My standard Linux server setup usually consists of a software raid1 with two disks syncing. The problem with traditional raid, both software and hardware raid, is that it is only useful if one of your drives completely dies. If you experience Silent Data Corruption or if your drive goes bad you might end up with the raid syncing junk across your disks.
In BTRFS, checksums are computed for both data and metadata, if the file system detects a checksum mismatch while reading a block, it first tries to obtain (or create) a good copy of this block from another device in the RAID.
In this article i will try out this next generation filesystem.
Prepare the disks
Start by emptying the disks, there is also an EXT4 converter but i haven’t tried it.
# dd if=/dev/zero of=/dev/sdb bs=512 count=1024 # dd if=/dev/zero of=/dev/sdc bs=512 count=1024
Create FS & RAID
I will use both -m (metadata) and -d (data) in RAID1 mode.
# mkfs.btrfs -m raid1 -d raid1 /dev/sdb /dev/sdc
Another way of usage is RAID0 (striping) for the DATA and RAID1 (mirroring) for the META, corruption in the META could result in the entire disk being unreadable while corruption in the data part usually only effect some of the files.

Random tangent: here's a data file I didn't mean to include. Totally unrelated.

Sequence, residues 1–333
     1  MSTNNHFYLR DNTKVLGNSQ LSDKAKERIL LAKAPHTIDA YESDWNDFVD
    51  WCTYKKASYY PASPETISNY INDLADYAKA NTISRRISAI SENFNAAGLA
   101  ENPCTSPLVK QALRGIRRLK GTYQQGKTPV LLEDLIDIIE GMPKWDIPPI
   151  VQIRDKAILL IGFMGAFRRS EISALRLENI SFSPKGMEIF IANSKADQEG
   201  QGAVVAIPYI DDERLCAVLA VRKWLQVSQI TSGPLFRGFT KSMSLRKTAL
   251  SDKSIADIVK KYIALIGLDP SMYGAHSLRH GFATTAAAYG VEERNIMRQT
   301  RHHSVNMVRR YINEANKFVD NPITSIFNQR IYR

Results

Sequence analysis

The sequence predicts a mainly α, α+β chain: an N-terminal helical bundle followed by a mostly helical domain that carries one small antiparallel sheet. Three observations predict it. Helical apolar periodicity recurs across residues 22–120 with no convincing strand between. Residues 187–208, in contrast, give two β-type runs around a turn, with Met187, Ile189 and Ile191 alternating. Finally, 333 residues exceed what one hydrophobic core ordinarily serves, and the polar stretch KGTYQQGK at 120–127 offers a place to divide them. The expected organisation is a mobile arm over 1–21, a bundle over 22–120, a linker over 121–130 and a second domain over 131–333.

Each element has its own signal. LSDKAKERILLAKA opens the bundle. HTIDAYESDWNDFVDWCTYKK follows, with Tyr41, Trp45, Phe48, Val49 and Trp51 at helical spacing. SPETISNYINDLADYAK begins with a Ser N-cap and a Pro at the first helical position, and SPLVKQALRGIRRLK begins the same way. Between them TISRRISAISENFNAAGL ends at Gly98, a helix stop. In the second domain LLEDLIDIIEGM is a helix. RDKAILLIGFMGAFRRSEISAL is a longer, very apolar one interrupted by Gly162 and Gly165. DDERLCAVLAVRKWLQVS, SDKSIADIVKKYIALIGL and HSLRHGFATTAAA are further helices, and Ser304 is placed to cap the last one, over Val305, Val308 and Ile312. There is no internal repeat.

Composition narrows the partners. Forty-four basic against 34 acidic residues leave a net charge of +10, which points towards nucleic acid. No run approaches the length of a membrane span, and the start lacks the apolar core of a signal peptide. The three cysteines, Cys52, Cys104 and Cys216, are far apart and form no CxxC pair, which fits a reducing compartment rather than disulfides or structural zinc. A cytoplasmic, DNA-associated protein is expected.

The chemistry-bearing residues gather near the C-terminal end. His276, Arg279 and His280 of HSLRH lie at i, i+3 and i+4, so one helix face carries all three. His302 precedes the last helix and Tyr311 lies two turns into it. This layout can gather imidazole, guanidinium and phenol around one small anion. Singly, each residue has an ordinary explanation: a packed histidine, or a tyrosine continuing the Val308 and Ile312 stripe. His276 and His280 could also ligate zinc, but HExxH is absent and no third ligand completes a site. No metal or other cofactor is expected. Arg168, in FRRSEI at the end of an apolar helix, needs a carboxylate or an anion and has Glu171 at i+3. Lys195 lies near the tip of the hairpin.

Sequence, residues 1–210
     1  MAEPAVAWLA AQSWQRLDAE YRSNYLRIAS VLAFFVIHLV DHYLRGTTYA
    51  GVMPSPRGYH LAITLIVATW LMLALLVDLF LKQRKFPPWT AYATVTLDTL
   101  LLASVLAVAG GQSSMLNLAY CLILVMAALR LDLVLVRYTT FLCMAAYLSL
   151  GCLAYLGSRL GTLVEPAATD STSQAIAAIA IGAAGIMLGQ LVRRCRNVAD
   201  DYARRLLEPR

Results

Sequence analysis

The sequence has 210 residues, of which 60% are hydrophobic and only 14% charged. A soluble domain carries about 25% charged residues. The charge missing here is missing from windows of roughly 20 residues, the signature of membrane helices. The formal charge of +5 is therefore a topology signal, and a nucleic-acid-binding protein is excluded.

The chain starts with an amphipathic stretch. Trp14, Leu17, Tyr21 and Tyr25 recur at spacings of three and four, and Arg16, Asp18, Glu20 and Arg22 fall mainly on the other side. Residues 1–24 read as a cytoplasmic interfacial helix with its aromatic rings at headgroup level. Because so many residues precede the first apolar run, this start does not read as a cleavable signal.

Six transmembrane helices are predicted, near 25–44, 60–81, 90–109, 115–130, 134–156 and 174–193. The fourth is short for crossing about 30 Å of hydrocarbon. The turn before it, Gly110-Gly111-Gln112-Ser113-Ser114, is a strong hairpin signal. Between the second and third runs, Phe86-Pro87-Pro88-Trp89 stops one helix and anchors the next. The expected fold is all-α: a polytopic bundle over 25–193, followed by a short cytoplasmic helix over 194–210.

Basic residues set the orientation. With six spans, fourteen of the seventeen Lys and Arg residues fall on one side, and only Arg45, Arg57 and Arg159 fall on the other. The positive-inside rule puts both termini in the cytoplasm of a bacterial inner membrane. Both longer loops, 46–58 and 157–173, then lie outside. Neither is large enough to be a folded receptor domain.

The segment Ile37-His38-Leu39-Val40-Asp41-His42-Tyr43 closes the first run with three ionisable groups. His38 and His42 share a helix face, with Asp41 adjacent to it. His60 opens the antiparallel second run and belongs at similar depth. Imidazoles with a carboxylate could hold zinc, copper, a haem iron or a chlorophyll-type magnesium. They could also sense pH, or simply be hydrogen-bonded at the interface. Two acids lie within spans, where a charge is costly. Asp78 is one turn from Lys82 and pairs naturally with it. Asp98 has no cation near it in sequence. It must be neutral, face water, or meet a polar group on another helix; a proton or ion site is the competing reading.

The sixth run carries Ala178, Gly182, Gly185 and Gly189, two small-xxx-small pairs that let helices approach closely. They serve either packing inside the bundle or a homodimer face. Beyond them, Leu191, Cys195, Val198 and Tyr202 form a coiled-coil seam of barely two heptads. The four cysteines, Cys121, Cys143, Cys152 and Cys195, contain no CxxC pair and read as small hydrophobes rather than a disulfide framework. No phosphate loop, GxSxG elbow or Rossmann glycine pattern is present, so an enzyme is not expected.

You should be running incremental rsync backups to a remote server and if you keep a close eye on the transfers you should also be able to detect if files that shouldn’t change is in the transfer list.
Mounting the new device
# btrfs filesystem show Label: none uuid: a4f2206b-6970-4095-9ba8-... Total devices 2 FS bytes used 128.00KiB devid 1 size 1.82TiB used 2.01GiB path /dev/sdb devid 2 size 1.82TiB used 2.01GiB path /dev/sdc
grab the uuid and mount your new raid
# mount /dev/disk/by-uuid/a4f2206b-6970-4095-9ba8-... /mnt
Use the drive for LXC
# rsync -avz /var/lib/ /mnt/ # umount /mnt # mount /dev/disk/by-uuid/a4f2206b-6970-4095-9ba8-... /var/lib/
Add the new disk to the filesystem table /etc/fstab
# vim /etc/fstab
UUID=a4f2206b-6970-4095-9ba8-... /var/lib btrfs defaults 0 0